Reko Koba

Reko Koba

  • Tasting Notes Peach and elderflower cordial
  • Location Kochere, Gedeo Zone, Ethiopia
  • Elevation 1850 - 2100 M
  • Process Honey
  • metafields
    Region Kochere, Gedeo Zone, Ethiopia
  • metafields
    Varietal Various Heirloom varietals
  • metafields
    Elevation 1850 - 2100 masl
  • metafields
    Process Honey
  • metafields
    Importer Coffee Quest

Taste Notes

The best attributes of a great washed Yirgacheffe combined with the syrupy sweetness of a natural. Tinned peaches and elderflower cordial. Suited to all brewing methods


Here's something a little different. A 'honey' processed Yirgacheffe from a new mill in one of the worlds most iconic coffee growing regions. This is the first production year from the Reko Koba mill and we're excited to be one of the first roasters offering this coffee.

In the local Gedeo dialect Koba means mountain and Reko means 'challenging/difficult'. The mill is situated on the slopes of this mountain and hence the name.

On a sunny day, the yellow plastic used to wrap drying cherries stands in contrast to the bright green hill and clear blue of the sky. The layout of Reko is typical of an Ethiopian wet mill, has 97 full-time employees, and a 3-disk pulper with a 1,000 kg/hour optimum processing pace. An estimated 400,00 kgs of red cherries were produced for their washed coffees this year. This particular coffee is part of their experimental lots for naturals and honeys, the latter being very rare to Ethiopia.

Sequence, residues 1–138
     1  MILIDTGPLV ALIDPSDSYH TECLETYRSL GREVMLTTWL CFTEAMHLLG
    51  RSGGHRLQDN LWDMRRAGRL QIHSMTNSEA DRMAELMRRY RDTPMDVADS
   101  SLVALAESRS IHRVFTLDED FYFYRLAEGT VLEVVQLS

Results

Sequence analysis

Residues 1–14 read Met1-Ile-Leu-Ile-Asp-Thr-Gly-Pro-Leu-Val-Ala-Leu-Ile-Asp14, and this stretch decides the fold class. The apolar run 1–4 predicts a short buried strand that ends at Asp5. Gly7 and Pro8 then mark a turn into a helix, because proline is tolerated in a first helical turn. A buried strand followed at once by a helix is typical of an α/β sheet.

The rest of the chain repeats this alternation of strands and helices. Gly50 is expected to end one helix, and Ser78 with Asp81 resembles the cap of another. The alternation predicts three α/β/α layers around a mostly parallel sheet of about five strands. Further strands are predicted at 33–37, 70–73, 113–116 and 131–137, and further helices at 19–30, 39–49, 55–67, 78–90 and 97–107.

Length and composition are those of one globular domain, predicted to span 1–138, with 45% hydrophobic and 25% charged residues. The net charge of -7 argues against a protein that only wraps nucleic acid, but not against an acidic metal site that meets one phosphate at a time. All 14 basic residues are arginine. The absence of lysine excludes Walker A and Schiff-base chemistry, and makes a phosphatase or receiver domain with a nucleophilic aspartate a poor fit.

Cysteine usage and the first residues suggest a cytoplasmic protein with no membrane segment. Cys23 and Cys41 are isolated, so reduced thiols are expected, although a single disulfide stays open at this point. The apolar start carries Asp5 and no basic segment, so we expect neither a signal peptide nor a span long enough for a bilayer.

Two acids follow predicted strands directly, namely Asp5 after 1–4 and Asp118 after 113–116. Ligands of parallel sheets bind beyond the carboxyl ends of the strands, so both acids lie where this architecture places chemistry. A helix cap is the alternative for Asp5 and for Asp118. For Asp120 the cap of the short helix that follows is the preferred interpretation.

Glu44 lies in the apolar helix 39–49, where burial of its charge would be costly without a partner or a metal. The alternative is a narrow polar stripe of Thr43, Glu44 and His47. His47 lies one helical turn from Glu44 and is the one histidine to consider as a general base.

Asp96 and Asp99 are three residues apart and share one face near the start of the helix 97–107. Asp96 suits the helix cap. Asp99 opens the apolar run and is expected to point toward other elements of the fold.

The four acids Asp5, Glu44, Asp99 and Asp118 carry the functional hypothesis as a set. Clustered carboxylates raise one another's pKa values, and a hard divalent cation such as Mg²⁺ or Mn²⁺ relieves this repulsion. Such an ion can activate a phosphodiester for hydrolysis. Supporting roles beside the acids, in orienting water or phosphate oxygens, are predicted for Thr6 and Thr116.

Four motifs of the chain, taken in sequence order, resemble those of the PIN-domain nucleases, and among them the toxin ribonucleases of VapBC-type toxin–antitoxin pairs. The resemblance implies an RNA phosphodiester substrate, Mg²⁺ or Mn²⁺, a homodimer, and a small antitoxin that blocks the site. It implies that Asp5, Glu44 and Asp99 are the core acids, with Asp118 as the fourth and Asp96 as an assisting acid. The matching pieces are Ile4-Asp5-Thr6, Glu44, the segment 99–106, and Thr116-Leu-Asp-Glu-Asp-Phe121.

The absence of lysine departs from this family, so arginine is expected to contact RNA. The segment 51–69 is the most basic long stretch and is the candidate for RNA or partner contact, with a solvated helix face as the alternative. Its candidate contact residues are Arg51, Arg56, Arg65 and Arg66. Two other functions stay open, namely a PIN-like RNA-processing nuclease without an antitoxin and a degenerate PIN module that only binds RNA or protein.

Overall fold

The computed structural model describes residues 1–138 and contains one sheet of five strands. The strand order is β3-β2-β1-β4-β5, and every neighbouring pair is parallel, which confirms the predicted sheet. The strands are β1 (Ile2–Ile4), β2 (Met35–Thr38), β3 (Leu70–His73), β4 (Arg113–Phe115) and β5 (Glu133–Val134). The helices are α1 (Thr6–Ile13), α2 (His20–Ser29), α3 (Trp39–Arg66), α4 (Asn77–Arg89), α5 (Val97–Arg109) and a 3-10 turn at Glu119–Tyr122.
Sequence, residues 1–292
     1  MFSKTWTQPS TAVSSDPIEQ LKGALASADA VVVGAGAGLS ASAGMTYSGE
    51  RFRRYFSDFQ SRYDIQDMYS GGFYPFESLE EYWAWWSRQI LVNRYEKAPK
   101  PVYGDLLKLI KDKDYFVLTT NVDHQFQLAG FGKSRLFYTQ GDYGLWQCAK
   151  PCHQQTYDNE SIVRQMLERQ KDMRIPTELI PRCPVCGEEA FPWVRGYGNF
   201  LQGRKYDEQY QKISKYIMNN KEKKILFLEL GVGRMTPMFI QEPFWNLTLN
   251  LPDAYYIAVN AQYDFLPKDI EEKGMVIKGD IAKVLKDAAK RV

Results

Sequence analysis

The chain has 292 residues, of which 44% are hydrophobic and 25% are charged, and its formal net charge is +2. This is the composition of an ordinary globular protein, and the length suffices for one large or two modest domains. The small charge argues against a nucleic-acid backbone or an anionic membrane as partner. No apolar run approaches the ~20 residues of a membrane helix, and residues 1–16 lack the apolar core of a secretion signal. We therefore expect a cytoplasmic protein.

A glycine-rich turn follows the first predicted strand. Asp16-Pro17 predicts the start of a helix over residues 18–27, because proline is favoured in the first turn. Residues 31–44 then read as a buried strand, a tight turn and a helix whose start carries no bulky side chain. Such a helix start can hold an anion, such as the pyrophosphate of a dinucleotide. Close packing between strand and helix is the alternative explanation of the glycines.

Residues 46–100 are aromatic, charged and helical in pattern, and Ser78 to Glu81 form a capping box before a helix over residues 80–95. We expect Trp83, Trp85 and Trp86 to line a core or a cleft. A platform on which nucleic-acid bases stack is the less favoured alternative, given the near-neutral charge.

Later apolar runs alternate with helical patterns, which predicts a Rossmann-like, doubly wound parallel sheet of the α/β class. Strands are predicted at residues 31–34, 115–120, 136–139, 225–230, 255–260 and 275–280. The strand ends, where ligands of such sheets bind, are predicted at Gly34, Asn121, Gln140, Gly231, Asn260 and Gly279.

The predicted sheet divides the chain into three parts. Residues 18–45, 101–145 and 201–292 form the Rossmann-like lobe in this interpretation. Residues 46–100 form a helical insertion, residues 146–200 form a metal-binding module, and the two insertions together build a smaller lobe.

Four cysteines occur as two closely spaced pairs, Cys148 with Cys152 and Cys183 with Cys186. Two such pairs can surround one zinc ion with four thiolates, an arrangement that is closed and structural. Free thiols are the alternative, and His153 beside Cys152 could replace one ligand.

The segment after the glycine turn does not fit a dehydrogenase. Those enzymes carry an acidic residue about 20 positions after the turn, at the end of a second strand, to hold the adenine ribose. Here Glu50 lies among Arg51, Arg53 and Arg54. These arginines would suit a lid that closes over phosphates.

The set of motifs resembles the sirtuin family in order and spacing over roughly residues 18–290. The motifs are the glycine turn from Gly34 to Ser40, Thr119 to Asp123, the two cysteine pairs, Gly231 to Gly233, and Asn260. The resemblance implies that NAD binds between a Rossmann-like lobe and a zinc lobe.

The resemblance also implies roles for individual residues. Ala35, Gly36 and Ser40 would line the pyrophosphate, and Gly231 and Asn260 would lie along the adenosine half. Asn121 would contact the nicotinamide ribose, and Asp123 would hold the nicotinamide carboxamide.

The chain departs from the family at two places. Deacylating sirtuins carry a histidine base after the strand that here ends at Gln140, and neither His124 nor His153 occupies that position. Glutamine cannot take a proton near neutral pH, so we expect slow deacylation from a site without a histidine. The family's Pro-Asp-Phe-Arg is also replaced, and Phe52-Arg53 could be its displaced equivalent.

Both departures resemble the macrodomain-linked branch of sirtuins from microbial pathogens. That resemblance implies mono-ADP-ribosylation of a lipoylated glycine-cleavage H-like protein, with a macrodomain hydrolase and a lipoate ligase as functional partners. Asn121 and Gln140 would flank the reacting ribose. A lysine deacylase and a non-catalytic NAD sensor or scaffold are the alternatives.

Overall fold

As in a typical 'honey' process, the coffee is laid out to dry with part of the mucilage still on. Firstly the cherries pass through an Agarde depulper and then this 'honey' lot was dry-fermented for 12 hours before being dried on raised beds for 7 days. This is a very small batch, therefore no screen size sorting was done. This is the first honey process production from the people at Reko Koba mill.

Organic production is widespread in Ethiopia, where in many countries this is completely unviable. Some suggest it is the diversity afforded by the forest-growing environment that slows the spread of disease, but it is safe to say there are many contributing factors to the uniqueness of Ethiopian coffee, from the growing systems to the diversity of varieties. 


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